Greatest Tearjerkers
Scenes and Movie Moments
of All-Time


The Greatest Tearjerkers of All-Time
Title Screen
Movie Title/Year and Brief Tearjerker Scene Description

Shane (1953)


  • the poignant final goodbye scene in which young, anguished, and heartbroken Joey Starrett (Brandon De Wilde), with tears streaking down his face, sadly cried out after his hero/idol Shane (Alan Ladd): ("Pa's got things for you to do, and Mother wants you. (the words "wants you" echo) I know she does. Shane. Shane! Come back! 'Bye, Shane"), as the wounded gunfighter rode away on his horse toward the mountains, slumped in the saddle, in one of filmdom's most famous and haunting endings

The Shawshank Redemption (1994)


  • the liberating, uplifting scene of the Shawshank State Prison inmates drinking cold beers on the sunny rooftop and feeling like 'free men' while the heroic innocent convict Andy Dufresne (Tim Robbins) smiled off to the side in the shade; his convict friend Red (Morgan Freeman) commented, in voice-over: ("And that's how it came to pass, that on the second-to-last day of the job, the convict crew that tarred the plate factory roof in the spring of '49 wound up sitting in a row at ten o'clock in the morning, drinking icy cold Bohemia-style beer, courtesy of the hardest screw that ever walked a turn at Shawshank State Prison...The colossal prick even managed to sound magnanimous. We sat and drank with the sun on our shoulders and felt like free men. Hell, we could have been tarring the roof of one of our own houses. We were the Lords of all Creation. As for Andy, he spent that break hunkered in the shade, a strange little smile on his face, watching us drink his beer...You could argue he'd done it to curry favor with the guards, or maybe make a few friends among us cons. Me? I think he did it just to feel normal again, if only for a short while")
  • the tragic scene of released aging prisoner Brooks Hatlen's (James Whitmore) suicide by hanging after carving "BROOKS WAS HERE" on the wooden arch above him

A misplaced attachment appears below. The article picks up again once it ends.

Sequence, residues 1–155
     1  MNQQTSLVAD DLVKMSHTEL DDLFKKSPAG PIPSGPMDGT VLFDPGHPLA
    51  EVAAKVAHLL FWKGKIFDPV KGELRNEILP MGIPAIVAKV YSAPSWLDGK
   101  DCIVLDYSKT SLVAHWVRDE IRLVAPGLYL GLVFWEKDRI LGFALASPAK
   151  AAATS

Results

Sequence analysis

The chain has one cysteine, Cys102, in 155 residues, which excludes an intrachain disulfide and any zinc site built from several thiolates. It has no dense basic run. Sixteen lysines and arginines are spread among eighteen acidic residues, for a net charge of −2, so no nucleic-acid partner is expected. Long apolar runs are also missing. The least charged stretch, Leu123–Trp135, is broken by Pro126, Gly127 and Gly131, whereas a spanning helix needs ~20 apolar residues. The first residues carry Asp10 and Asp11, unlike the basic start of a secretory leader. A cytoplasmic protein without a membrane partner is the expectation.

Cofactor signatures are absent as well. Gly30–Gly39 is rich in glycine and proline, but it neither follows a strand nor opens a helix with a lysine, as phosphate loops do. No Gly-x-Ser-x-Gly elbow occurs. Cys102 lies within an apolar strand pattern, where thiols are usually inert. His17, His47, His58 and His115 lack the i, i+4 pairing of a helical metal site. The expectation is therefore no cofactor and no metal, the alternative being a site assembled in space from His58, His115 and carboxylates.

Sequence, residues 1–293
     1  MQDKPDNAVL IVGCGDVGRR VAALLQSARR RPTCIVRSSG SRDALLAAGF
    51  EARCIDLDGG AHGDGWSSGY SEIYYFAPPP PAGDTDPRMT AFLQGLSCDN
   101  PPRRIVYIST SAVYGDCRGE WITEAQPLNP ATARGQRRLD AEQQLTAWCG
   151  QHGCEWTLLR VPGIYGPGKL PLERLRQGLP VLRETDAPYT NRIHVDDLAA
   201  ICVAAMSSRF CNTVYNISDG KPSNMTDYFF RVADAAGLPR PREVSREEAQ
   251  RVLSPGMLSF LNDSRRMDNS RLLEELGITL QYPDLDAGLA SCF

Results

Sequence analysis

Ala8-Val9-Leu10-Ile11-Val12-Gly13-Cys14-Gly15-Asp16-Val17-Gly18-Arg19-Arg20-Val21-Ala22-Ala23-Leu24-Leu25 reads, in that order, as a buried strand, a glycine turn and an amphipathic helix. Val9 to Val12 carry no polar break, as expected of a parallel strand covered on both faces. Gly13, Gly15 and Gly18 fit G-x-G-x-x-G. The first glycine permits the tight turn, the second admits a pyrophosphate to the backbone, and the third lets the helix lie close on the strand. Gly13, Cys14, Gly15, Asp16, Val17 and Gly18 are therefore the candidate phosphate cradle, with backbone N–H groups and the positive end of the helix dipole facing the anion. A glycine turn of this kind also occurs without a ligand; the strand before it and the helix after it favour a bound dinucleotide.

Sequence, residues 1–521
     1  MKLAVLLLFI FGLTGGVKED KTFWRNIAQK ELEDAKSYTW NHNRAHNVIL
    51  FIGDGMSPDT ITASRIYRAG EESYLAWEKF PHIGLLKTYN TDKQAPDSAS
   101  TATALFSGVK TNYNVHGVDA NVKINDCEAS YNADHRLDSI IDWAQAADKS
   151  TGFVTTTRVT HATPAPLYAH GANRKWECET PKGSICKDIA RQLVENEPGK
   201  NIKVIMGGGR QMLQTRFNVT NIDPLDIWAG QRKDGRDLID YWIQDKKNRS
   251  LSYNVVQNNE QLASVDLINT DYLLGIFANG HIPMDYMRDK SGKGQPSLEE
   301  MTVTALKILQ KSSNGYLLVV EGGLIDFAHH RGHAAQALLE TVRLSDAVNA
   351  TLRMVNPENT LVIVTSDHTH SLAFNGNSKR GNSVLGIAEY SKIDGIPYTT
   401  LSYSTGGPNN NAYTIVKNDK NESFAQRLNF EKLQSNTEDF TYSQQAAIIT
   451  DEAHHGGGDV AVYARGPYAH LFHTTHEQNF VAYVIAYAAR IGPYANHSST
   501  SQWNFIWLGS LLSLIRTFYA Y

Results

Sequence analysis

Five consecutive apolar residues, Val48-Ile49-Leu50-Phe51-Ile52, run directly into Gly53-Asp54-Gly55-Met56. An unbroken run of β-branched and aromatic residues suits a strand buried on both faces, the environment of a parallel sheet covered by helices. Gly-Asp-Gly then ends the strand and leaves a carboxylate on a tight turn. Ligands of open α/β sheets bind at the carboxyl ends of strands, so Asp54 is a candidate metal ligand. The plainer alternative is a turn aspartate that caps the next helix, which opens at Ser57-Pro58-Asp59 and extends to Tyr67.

• the similarly transcendental scene in which Andy placed the LP record album Duettino: Sull'Aria on a phonograph player in the office, locked the doors and then broadcast part of Mozart's The Marriage of Figaro opera on the loudspeaker P.A. system throughout the entire prison to share a moment of freedom and make the prison walls dissolve
  • the image of Andy's "rebirth" after he escaped from prison - the famous overhead shot of him standing in the cleansing "baptismal" rain with his arms raised to the heavens
  • and the optimistic conclusion in which an escaped Andy and paroled Red re-united on a remote Mexican beach at Zihuatanejo; Red walked bare-footed on the sand toward an old wreck of a boat, where he found Andy patiently and meticulously sanding the old paint from the boat's ancient surface; Red's hopeful voice-over narration accompanied his attainment of freedom: ("I find I'm so excited I can barely sit still or hold a thought in my head. I think it's the excitement only a free man can feel, a free man at the start of a long journey whose conclusion is uncertain. I hope I can make it across the border. I hope to see my friend and shake his hand. I hope the Pacific is as blue as it has been in my dreams. I hope")

Sideways (2004)

  • the sensual conversation between 'loser', hang-dog San Diego-based English teacher and aspiring writer Miles Raymond (Paul Giamatti) who listened to love interest Maya (Virginia Madsen), a Santa Ynez Valley wine country resident, as she described the sensual qualities of wine: ("I like to think about the life of wine. Yeah. How it's a living thing. I like to think about what was going on the year the grapes were growing, how the sun was shining, if it rained. I like to think about all the people who tended and picked the grapes, and if it's an old wine, how many of them must be dead by now. I like how wine continues to evolve. Like, if I opened a bottle of wine today, it would taste different than if I'd opened it on any other day. Because a bottle of wine is actually alive and it's constantly evolving and gaining complexity. That is, until it peaks like your '61. And then it begins its steady, inevitable decline. Hmm. And it tastes so f--king good"); however, Miles ruined the mood and moment, and after excusing him to go to the restroom, he berated himself in front of a mirror: ("God, you are such a f--kin' loser. You make me so f--kin' sick. Oh, God. Ah, come on")